Dublin, Ireland, April 23 — The Irish Association of Small and Medium Enterprises issued the following press release:
In response to the publication of Alliance for Insurance Reform insurance survey, showing that the future of 42% of organizations is threatened by insurance premiums, ISME calls for immediate government action to reform the sector urgently and adequately, and to seriously consider the behavior of insurance companies. 90% of survey respondents said the government was not doing enough to remedy the situation.
“One year after the introduction of Judicial Guidelines (https://linkprotect.cudasvc.com/url?a=https%3a%2f%2fjudicialcouncil.ie%2fassets%2fuploads%2fdocuments%2fPersonal%2520Injuries%2520Guidelines.pdf&c=E ,1,2OJmLQhLTlkUREtazkI4DrYRrRlN4tL2YYqzqbFUiLstvLBSr54kmS1g9QcuUDpAFh4J8ObOL1uLsULr-8XsgNpQMVsdqMdYZOwOKW8RACdlcw,,&typo=1) for bodily injury, resulting in lower compensation in court, rather than the Neil McDonnel, CEO, ISME. “Employer’s liability and liability insurance continues to rise, which is a major source of concern for SMEs and for all businesses. Insurance companies are making exorbitant profits at the expense of businesses. followed by more than 16%. The position is indefensible.”
“ISME has long made it clear that a small reduction in indemnities will not be enough to meet insurance costs. Damage to a small business is not suffered when an indemnity is awarded by a court or by the PIAB, but immediately follows the notification of a possible claim to an insurer,” he said.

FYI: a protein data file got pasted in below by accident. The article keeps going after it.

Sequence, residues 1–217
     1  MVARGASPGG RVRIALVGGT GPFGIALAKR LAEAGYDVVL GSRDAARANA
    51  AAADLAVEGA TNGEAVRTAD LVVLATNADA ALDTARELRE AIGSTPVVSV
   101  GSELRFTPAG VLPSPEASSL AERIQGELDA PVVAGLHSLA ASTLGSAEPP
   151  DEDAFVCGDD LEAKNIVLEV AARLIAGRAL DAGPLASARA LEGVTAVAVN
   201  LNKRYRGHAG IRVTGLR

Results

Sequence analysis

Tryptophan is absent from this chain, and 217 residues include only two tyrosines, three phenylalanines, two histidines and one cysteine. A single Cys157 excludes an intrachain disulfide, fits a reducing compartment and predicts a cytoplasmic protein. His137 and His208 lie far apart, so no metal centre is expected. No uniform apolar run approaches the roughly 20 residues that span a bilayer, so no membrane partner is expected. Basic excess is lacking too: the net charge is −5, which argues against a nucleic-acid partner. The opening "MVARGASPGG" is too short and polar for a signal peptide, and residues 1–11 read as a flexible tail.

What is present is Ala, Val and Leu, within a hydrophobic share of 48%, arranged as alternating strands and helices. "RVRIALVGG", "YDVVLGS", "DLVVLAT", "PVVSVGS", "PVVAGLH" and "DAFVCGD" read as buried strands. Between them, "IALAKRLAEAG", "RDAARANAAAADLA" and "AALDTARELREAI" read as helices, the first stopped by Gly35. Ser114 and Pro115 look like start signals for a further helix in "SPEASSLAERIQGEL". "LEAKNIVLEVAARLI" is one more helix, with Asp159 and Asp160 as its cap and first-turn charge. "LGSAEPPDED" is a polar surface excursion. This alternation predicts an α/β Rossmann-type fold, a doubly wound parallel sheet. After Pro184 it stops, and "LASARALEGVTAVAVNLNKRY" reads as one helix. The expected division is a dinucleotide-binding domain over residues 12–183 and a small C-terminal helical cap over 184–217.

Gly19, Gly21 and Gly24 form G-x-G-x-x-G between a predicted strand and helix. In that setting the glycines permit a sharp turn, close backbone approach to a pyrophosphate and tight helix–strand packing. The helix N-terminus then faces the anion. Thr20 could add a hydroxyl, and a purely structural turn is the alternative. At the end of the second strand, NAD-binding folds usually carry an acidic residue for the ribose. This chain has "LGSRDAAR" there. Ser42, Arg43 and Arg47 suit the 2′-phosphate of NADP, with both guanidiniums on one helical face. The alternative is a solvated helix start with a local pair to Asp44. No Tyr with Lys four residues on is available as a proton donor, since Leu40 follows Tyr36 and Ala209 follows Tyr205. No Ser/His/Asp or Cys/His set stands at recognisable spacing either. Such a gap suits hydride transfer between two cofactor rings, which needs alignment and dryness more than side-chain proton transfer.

According to the ISME, if Ireland is to have a functioning and affordable insurance market, it needs to dramatically accelerate the pace of reform, especially in the areas of amending the Occupier’s Liability Act, Libel Act and court costs. However, there is not really any tangible action in Ireland to deal with the situation.
None of these issues are new, and the causal factors for our high insurance costs have been clearly identified in more than a decade of reports from the European Commissionthe IMFthe OECDand speak European court of human rights.
Many of the reforms identified in the Justice 2022 Action Plan were to be completed in 2021. We think it is fair to ask, who benefits from this icy pace of reform?
It is well known that the small and medium enterprise sector is the cornerstone of the economy in Ireland and by far the largest employer. The sector expects and watches for urgent delivery of results and real reform.